And not surprisingly, Red Dead Redemption turns out to be every bit the stellar gaming experience of the GTA franchise (and just maybe surpasses it), lassoing and hogtying down gamers with a thoroughly engaging adventure. Red Dead Redemption saddles up a great story that would feel right at home moseying in a Clint Eastwood Spaghetti Western, with cut-scenes that stand alone as great entertainment (in fact, FOX actually pieced them together rather seamlessly in a Red Dead Redemption midnight “movie” that was shown the weekend of the game’s release).

Beginning with the game’s opening, gamers become John Marston, the somewhat typical Rockstar anti-hero (although more “heroic” than most Rockstar leading men) who is being rather forcefully placed on a steam-engine train by government agents. Seems Marston is being coerced with the threat of never seeing his wife and young son again unless he goes back to his past life and takes down his former posse’s leader for the government.


red dead redemption          red dead redemption

Not only do gamers get the great “reluctant avenger” John Marston tale to experience (and later, yet “another” Marston story at the very end), the related Mexican revolution storyline is practically an entire game’s worth of storytelling to itself. Both intertwine for one fantastic adventure that gallops past the quality of the seemingly unsurpassable excellence of any one of GTA’s superb stories. Unlike the GTA leading guys, which because of their very background make it much easier to be a “bad guy” anti-hero, Marston is a more likable and sympathetic chap (he even turns down the many propositioning whores and their advances out of respect for his wife), so much so that gamers might decide, even subconsciously, to follow the dusty trail of the “good guy.”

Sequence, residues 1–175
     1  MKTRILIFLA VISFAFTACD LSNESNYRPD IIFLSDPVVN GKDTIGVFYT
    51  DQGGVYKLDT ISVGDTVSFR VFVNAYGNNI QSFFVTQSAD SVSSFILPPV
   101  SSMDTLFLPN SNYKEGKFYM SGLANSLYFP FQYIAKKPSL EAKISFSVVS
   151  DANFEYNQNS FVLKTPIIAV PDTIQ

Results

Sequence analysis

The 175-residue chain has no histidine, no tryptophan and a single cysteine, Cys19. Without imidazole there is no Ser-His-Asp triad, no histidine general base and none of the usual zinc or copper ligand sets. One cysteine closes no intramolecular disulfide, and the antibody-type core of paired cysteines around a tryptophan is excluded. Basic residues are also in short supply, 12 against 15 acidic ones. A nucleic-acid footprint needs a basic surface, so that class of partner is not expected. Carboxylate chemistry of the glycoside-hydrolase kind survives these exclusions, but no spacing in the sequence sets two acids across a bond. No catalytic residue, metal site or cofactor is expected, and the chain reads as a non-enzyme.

But the story can only carry Red Dead Redemption so far. A great story needs to posse up with great gameplay. With developer Rockstar San Diego using the Grand Theft Auto sandbox RAGE engine, there’s an overabundance of gameplay with a ridiculous amount of characters, events and tasks – from tracking down bandits, to escorting damsels in distress, to lassoing wild horses and bronco-busting them, to hunting creatures of the West big and small, to treasure-seeking adventures, to good old-fashioned “high noon” duels.